Verse > Anthologies > T. H. Ward, ed. > The English Poets > Vol. I. Chaucer to Donne
Thomas Humphry Ward, ed.  The English Poets.  1880–1918.
Vol. I. Early Poetry: Chaucer to Donne
Extracts from The Faerie Queene: The Red Cross Knight and Una
By Edmund Spenser (1552?–1599)
[From Bk. i. 1589–90.]

  A GENTLE Knight was pricking on the plaine,
Ycladd in mightie armes and silver shielde,
Wherein old dints of deepe woundes did remaine,
The cruell markes of many a bloody fielde;
Yet armes till that time did he never wield.        5
His angry steede did chide his foming bitt,
As much disdayning to the curbe to yield:
Full jolly knight he seemd, and faire did sitt,
As one for knightly giusts and fierce encounters fitt.
  And on his brest a bloodie Crosse he bore,        10
The deare remembrance of his dying Lord,
For whose sweete sake that glorious badge he wore,
And dead, as living, ever him ador’d:
Upon his shield the like was also scor’d,
For soveraine hope which in his helpe he had.        15
Right faithfull true he was in deede and word,
But of his cheere did seeme too solemne sad;
Yet nothing did he dread, but ever was ydrad.
  Upon a great adventure he was bond,
That greatest Gloriana to him gave,        20
(That greatest Glorious Queene of Faery lond)
To winne him worshippe, and her grace to have,
Which of all earthly thinges he most did crave:
And ever as he rode his hart did earne
To prove his puissance in battell brave        25
Upon his foe, and his new force to learne,
Upon his foe, a Dragon horrible and stearne.
  A lovely Ladie rode him faire beside,
Upon a lowly Asse more white then snow,
Yet she much whiter; but the same did hide        30
Under a vele, that wimpled was full low;
And over all a blacke stole shee did throw:
As one that inly mournd, so was she sad,
And heavie sate upon her palfrey slow;
Seemed in heart some hidden care she had,        35
And by her, in a line, a milkewhite lambe she lad.
  So pure and innocent, as that same lambe,
She was in life and every vertuous lore;
And by descent from Royall lynage came
Of ancient Kinges and Queenes, that had of yore        40
Their scepters stretcht from East to Westerne shore,
And all the world in their subjection held;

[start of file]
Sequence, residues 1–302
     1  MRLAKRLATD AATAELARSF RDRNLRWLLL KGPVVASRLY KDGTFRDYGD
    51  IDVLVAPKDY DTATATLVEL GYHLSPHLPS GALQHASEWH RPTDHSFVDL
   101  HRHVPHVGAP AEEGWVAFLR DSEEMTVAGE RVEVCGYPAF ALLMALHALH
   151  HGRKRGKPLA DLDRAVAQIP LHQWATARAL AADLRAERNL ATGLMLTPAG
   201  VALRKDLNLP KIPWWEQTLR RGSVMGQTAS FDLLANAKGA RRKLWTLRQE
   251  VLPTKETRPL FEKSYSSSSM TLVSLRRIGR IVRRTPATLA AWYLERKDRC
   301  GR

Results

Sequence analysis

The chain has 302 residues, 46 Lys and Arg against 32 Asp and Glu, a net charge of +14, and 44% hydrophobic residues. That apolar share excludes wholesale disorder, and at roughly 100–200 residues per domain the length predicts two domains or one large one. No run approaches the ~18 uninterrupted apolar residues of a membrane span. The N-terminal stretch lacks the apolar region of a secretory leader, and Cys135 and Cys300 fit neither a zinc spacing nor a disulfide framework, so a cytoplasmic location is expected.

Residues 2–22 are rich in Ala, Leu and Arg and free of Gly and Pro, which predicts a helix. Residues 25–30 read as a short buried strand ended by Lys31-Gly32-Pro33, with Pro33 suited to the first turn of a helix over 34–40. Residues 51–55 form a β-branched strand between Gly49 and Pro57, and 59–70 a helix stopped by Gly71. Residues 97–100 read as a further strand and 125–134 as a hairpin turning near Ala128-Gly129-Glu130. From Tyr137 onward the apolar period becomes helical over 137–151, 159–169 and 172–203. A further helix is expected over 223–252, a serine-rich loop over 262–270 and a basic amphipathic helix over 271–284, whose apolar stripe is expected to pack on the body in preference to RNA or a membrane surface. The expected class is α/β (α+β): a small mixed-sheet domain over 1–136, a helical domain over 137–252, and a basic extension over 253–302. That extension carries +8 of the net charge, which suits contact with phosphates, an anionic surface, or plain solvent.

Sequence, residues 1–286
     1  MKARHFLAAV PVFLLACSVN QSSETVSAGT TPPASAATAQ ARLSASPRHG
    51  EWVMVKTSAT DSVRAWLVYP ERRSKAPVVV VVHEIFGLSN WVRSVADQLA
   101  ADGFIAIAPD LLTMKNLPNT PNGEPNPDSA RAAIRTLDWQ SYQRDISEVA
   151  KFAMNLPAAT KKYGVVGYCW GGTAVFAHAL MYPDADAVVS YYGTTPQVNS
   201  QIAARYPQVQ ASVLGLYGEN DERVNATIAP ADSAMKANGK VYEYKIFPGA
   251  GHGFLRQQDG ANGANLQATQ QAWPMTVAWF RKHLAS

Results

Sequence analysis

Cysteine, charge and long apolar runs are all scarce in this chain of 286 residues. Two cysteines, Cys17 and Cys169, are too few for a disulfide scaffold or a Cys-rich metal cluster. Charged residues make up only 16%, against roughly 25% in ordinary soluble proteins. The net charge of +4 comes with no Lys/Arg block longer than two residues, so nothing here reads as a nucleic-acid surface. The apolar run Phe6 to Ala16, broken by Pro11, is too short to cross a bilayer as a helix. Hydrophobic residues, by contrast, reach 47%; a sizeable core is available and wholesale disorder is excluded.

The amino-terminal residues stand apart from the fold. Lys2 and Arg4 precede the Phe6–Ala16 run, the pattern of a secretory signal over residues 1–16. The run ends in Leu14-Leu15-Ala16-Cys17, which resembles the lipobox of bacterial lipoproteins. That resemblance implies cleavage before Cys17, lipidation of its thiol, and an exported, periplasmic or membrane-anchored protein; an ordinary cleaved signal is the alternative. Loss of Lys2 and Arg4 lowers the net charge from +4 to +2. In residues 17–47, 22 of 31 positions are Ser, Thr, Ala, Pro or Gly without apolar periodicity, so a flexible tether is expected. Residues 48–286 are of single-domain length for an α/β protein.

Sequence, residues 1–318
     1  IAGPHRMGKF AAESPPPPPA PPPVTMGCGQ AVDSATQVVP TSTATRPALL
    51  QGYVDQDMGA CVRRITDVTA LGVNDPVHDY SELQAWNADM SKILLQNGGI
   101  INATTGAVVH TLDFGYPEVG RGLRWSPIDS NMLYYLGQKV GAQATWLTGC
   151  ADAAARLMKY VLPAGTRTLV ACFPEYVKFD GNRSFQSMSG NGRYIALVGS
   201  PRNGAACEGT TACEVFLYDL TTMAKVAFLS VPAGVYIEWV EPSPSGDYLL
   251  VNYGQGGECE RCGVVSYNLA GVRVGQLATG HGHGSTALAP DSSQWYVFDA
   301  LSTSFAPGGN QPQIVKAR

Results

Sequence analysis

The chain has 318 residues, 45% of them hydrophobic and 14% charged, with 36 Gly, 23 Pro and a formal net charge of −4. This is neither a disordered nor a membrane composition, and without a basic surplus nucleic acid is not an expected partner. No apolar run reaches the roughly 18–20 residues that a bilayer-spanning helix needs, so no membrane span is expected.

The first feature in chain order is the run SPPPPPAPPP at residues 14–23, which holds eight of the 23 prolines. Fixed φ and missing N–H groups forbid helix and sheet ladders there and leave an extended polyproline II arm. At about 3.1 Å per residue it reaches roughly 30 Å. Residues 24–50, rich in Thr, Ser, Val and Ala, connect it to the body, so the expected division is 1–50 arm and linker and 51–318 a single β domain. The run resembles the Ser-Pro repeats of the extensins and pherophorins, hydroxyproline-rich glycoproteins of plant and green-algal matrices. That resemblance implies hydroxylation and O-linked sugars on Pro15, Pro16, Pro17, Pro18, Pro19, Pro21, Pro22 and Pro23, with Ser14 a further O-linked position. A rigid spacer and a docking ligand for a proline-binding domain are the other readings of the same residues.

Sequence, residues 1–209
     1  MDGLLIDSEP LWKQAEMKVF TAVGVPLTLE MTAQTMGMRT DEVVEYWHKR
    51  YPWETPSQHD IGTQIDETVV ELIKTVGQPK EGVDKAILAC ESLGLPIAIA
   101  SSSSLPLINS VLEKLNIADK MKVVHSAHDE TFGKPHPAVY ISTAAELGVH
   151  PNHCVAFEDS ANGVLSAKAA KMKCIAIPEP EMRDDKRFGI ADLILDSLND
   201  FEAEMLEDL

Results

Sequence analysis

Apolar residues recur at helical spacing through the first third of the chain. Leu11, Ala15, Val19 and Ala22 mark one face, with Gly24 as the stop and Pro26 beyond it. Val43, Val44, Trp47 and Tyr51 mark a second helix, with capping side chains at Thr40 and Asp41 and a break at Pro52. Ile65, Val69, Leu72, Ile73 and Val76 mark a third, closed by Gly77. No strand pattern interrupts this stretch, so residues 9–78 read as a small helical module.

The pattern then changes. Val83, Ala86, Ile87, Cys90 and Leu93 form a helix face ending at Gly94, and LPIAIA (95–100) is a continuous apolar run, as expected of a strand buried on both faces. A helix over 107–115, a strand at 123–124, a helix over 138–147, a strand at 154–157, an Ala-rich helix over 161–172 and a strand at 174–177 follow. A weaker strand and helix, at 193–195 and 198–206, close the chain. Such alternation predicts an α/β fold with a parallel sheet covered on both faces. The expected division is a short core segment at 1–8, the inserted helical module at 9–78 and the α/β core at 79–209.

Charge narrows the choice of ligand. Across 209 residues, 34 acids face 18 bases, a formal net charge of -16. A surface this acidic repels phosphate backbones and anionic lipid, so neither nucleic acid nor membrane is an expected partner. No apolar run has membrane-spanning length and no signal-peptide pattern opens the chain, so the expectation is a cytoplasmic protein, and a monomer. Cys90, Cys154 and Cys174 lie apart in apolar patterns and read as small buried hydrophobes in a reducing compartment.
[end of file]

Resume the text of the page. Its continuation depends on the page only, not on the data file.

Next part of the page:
Till that infernall feend with foule uprore
Forwasted all their land, and them expeld;
Whom to avenge she had this Knight from far compeld.        45
  Behind her farre away a Dwarfe did lag,
That lasie seemd, in being ever last,
Or wearied with bearing of her bag
Of needments at his backe. Thus as they past,
The day with cloudes was suddeine overcast,        50
And angry Jove an hideous storme of raine
Did poure into his Lemans lap so fast,
That everie wight to shrowd it did constrain;
And this faire couple eke to shroud themselves were fain.
  Enforst to seeke some covert nigh at hand,        55
A shadie grove not farr away they spide,
That promist ayde the tempest to withstand;
Whose loftie trees, yclad with sommers pride,
Did spred so broad, that heavens light did hide,
Not perceable with power of any starr:        60
And all within were pathes and alleies wide,
With footing worne, and leading inward farr.
Faire harbour that them seems, so in they entred ar.
  And foorth they passe, with pleasure forward led,
Joying to heare the birdes sweete harmony,        65
Which, therein shrouded from the tempest dred,
Seemd in their song to scorne the cruell sky.
Much can they praise the trees so straight and hy,
The sayling Pine; the Cedar proud and tall;
The vine-propp Elme; the Poplar never dry;        70
The builder Oake, sole king of forests all;
The Aspine good for staves; the Cypresse funerall;
  The Laurell, meed of mightie Conquerours
And Poets sage; the Firre that weepeth still:
The Willow, worne of forlorne Paramours;        75
The Eugh, obedient to the benders will;
The Birch for shaftes; the Sallow for the mill;
The Mirrhe sweete-bleeding in the bitter wound;
The warlike Beech; the Ash for nothing ill;
The fruitfull Olive; and the Platane round;        80
The carver Holme; the Maple seeldom inward sound.
  Led with delight, they thus beguile the way,
Untill the blustring storme is overblowne;
When, weening to returne whence they did stray,
They cannot finde that path, which first was showne,        85
But wander too and fro in waies unknowne,
Furthest from end then, when they neerest weene,
That makes them doubt their wits be not their owne:
So many pathes, so many turnings seene,
That which of them to take in diverse doubt they been.        90

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